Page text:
Any great stories? Any nightmares to share? What about your opinions on the situation, especially if the pastor is backing the family and insisting you make it work?

About catholicsensibility

Todd lives in Minnesota, serving a Catholic parish as a lay minister.
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6 Responses to Kids In The Liturgical Crosshairs

  1. Liam says:

    Your fundamental sense here of ministerial capacity is correct. Anyone presenting to sing in a cantor/solo capacity should be qualified by experience and/or training to do so, and that qualification should be left entirely to the professional judgment of the director of music (or equivalent leadership position of the music ministry, not necessarily liturgy). If a pastor is unwilling to avoid interfering, then I think the policy must be more draconian (namely, that no cantors/soloists “from away” would be permitted), if anything.

    If a pastor insist on the child offering the psalm, it should be spoken (no soundtrack underneath, either).

  2. Randolph Nichols says:

    Through the years I’ve had my share of last minute “guest” singers, often youngsters who usually avoid the psalm and opt for a solo at the presentation of the gifts or as a communion meditation. Ninety percent of the time it’s a not too focused rendition of Amazing Grace. (Hello world: whole tone melodies really demand being in tune.)

    In the case of funerals in cities with big Catholic populations, most music directors have no opportunity to audition guest singers since it’s often not announced until the eve or day of the funeral. Under that time constraint, I’m not sure it’s worth the anguish to forbid their participation. (I’ve worked with pastors who would not have let me make that decision anyway.)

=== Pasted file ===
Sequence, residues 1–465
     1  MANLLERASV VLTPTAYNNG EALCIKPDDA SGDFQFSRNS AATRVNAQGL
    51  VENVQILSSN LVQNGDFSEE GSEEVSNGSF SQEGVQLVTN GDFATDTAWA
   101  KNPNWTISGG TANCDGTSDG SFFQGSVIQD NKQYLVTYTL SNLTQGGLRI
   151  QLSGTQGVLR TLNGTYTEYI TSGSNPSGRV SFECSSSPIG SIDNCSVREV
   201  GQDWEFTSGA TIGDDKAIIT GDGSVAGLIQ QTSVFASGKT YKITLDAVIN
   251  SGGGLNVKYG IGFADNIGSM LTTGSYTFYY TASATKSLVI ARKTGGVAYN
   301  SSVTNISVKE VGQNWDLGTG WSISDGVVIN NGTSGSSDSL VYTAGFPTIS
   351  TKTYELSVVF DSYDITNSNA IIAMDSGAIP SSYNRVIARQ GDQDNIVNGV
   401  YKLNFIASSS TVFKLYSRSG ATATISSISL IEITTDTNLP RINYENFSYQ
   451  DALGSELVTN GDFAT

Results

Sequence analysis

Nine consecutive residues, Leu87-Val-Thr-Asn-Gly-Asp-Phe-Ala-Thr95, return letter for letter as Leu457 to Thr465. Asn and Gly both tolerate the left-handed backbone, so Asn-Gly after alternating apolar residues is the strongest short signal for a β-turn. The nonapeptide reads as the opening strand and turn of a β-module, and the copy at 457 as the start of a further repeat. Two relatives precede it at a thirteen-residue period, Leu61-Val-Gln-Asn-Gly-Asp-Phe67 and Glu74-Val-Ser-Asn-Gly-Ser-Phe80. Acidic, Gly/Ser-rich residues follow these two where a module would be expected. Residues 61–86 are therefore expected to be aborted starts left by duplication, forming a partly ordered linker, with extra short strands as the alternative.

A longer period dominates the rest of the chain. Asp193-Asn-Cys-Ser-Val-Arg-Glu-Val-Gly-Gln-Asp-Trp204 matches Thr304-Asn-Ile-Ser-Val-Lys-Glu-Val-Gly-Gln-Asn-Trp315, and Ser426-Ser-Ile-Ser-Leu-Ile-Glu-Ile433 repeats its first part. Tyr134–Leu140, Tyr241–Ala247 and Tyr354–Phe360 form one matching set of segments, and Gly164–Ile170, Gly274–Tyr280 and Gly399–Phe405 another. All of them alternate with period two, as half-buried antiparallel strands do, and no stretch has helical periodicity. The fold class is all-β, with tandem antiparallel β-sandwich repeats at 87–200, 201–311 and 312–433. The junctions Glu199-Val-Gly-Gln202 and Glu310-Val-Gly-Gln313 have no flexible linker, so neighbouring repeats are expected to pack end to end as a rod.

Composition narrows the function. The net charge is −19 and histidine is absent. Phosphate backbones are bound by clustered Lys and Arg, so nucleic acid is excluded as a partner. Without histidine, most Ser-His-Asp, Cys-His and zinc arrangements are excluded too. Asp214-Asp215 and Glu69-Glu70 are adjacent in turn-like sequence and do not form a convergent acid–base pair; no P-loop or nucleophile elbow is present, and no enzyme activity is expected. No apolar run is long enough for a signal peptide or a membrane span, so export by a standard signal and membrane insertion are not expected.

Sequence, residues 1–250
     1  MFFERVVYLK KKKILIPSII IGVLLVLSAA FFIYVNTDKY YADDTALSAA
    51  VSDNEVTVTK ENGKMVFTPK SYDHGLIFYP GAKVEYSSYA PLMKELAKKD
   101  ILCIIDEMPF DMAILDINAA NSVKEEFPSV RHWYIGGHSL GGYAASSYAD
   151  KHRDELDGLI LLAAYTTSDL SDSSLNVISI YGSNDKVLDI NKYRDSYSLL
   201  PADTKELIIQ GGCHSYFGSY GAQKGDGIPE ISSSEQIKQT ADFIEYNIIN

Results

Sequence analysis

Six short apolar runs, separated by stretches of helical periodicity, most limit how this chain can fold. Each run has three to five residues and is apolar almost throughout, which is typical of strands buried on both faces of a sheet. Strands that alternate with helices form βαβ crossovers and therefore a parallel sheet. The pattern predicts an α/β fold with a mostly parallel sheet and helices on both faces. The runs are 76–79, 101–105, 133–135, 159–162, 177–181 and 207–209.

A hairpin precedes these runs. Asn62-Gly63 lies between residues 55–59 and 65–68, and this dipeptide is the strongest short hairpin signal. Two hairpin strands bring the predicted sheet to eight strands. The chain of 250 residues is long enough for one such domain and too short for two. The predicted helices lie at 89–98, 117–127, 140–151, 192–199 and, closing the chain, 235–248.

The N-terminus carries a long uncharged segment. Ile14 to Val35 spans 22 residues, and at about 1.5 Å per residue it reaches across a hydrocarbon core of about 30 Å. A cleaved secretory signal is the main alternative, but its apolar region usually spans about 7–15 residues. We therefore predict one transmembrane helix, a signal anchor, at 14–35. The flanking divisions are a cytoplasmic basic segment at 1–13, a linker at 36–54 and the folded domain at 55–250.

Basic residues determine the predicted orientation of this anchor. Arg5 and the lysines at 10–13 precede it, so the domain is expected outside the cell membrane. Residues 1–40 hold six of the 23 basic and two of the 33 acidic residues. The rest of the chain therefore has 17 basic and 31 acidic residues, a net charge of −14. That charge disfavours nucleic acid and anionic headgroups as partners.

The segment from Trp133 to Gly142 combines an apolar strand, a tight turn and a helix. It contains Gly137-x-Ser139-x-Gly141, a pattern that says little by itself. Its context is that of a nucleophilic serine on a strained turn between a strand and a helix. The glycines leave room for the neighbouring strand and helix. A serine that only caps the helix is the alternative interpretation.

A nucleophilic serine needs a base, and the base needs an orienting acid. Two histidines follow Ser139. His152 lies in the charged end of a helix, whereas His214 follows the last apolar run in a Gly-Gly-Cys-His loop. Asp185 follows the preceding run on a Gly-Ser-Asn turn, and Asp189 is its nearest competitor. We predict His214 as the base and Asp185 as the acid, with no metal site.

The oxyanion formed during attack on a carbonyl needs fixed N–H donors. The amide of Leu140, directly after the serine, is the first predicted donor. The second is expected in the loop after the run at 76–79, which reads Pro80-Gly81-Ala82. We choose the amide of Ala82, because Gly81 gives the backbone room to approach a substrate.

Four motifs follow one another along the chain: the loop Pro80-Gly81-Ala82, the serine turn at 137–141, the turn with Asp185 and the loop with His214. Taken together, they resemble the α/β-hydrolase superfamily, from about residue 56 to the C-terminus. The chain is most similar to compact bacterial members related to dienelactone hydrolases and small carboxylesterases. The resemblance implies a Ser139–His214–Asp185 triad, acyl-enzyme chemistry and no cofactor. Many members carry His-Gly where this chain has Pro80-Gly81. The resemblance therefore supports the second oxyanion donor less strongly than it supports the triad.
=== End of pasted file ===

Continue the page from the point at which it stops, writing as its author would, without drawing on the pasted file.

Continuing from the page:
Besides, taking the no conflict route can have a positive side. Sometimes letting a singer mess up serves a useful purpose. Everyone learns very quickly to appreciate the difficulty and discipline of the liturgical role.

    It doesn’t always have to be disaster, however. I’ve had some unexpected delights. For example, yesterday at my parish an eigth grader who I had never heard gave a splendid rendering of a Bach organ Prelude and Fugue for the postlude. I usually oppose applause in church, but in this case the enthusiastic response was well deserved. When kids have been trained well, they are such a pleasure to listen to. Todd alludes to the necessity of being adequately trained. I think deep down most people know that.

  3. Liam says:


    Was that after the 11AM Mass, as I assume? Ted Marier would be beaming.

  4. Randolph Nichols says:

    Yes. It was the 11 a.m. Mass. It was same kid who on Good Friday of 2008 sang from the loft the famous soprano solo in Allegri’s “Miserere.”

  5. Gavin says:

    The big problem is the line “But I cantor at my church!” My usual response (when I was at my last Catholic church) is to expect the same from all cantors. Which means:

    – Sung psalm, to a setting with chanted verses with approved text
    – Sung chant Alleluia and verse to tone 6
    – Sung “Lux Aeterna” and “Requiem…” verse
    – No singing into the microphone on hymns